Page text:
Below the green discoloration lies Kaitoku Volcano
Photo: NASA Earth Observatory
When Kaitoku wakes up, the water changes color.
The volcano is located north of the Japanese island of Iwo Jima, hidden in the Pacific.
There are a good hundred meters between its three peaks and the water surface.
When the volcano is active, it leaves telltale traces.
Clearly visible in the deep blue of the ocean, greenish discolorations suddenly appear.
They are probably formed by rising, superheated, acidic seawater containing volcanic rock debris and sulphur.
Around the world in 99 minutes
The easternmost of the three craters has been active since the summer, the other two have long been extinct.
The photo is from early January.
It comes from the "Landsat 8" earth observation satellite, which orbits the earth once in 99 minutes and flies at an altitude of 700 kilometers.
It takes 16 days to scan the entire surface of the earth.
Kaitoku is just one of many active underwater volcanoes on Earth.
It is estimated that there are 25 million seamounts formed by volcanic activity, most of which are extinct.
However, those that are still active account for much of the world's volcanic activity.
Geologists estimate that around 80 percent of all volcanic eruptions take place under water.
The last significant eruption of Kaitoku was almost 40 years ago.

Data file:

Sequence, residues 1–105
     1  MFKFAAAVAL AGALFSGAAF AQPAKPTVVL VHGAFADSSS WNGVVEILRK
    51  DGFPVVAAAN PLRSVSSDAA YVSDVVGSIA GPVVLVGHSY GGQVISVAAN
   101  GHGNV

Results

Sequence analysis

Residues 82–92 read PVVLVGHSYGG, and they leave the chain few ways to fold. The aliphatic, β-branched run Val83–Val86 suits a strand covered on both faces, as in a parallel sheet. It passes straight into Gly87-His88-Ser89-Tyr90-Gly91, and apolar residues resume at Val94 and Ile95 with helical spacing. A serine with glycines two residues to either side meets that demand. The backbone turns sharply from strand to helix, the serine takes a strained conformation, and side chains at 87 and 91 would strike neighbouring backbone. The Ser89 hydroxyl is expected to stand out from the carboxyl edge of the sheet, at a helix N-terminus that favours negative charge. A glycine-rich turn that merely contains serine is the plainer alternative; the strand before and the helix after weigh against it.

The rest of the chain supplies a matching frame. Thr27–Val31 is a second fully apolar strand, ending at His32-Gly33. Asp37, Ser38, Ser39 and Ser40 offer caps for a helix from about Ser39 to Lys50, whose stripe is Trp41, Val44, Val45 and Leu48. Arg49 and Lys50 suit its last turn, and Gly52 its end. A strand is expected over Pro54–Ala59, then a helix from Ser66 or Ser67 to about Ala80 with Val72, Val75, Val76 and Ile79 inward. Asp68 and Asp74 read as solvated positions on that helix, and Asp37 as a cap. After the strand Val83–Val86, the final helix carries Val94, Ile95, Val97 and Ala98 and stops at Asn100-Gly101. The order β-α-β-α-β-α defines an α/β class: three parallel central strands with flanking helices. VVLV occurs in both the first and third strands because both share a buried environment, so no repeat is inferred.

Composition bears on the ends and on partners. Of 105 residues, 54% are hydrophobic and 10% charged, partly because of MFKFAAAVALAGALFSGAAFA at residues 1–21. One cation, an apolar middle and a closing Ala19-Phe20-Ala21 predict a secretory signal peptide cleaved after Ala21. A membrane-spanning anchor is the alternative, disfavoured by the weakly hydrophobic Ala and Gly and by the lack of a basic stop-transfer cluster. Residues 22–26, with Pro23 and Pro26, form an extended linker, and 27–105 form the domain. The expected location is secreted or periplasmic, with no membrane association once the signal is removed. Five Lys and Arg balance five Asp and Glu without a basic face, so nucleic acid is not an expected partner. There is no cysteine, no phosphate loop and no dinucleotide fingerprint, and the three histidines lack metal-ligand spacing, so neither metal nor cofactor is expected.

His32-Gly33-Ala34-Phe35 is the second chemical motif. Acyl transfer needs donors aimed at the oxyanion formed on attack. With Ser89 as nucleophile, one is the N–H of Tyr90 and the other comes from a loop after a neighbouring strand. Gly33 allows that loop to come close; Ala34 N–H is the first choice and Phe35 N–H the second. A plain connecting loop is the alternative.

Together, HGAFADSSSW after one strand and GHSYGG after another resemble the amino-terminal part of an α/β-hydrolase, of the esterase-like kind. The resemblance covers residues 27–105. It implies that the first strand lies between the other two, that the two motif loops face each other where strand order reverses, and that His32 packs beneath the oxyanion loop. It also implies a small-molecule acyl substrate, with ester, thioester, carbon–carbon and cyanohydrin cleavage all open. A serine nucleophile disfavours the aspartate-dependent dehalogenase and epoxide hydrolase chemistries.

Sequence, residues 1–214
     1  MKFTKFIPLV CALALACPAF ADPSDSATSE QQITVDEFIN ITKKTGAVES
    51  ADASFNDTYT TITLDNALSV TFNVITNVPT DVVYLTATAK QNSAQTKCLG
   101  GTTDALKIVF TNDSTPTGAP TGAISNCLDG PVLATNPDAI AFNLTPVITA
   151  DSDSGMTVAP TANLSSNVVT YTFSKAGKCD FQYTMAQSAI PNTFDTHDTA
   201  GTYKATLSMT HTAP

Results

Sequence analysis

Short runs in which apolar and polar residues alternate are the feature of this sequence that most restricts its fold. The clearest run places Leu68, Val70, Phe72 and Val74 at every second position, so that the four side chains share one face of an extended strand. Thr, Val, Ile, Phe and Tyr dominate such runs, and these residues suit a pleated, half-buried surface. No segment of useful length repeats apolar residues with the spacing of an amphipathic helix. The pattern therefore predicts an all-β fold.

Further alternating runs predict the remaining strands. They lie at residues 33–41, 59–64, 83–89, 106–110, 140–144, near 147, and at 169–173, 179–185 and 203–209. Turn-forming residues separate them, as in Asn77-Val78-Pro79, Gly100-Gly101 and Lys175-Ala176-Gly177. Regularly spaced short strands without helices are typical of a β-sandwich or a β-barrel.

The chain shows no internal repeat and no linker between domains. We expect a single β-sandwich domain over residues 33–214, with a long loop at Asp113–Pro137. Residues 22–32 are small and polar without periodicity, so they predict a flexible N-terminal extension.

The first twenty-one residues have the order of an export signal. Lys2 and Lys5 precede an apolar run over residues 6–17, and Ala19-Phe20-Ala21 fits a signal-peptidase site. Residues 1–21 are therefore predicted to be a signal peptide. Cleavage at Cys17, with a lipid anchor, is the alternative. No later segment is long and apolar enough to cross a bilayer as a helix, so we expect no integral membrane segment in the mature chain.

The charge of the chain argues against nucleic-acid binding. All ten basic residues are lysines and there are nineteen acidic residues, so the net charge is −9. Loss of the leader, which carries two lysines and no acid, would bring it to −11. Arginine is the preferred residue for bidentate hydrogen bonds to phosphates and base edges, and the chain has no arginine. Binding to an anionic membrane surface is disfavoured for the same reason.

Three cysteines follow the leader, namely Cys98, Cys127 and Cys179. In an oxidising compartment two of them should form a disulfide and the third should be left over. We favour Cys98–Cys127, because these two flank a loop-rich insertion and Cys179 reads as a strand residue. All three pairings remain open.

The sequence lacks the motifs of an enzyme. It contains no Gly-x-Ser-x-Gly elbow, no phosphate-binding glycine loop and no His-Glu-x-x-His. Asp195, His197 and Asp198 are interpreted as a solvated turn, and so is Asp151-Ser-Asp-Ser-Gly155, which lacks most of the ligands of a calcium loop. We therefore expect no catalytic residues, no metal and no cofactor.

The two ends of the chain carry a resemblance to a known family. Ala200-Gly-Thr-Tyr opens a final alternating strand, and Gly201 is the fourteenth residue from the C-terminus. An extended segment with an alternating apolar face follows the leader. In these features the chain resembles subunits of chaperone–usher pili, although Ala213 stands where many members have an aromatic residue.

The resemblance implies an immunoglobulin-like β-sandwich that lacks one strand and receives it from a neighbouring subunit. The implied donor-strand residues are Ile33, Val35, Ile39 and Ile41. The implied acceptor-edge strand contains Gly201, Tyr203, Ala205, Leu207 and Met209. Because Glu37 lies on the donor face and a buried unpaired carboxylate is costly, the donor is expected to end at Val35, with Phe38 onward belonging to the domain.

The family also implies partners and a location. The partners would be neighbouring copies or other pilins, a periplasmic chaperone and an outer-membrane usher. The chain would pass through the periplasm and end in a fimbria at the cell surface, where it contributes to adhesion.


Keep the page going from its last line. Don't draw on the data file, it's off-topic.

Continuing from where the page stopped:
Historical records indicate that the volcano also erupted in 1543.
Compared to other underwater volcanoes, however, it is considered less dangerous.
58 km high column of ash and gas
One of the most spectacular eruptions of an underwater volcano happened a good year ago.
On January 15, 2022, the Hunga Tonga-Hunga Ha'apai volcano ejected hot gases and clouds of ash that stretched miles into the sky.
An explosion followed the next day, which was more violent than the most powerful atomic bomb, never before has a more violent one been measured.
The column of ash and gas rose 58 kilometers into the stratosphere.
The blast wave moved around the world multiple times.
The Tonga volcano's eruption was so massive that it obliterated parts of nearby islands.
According to data from satellites, material from the eruption cloud was still circulating in the stratosphere a year later.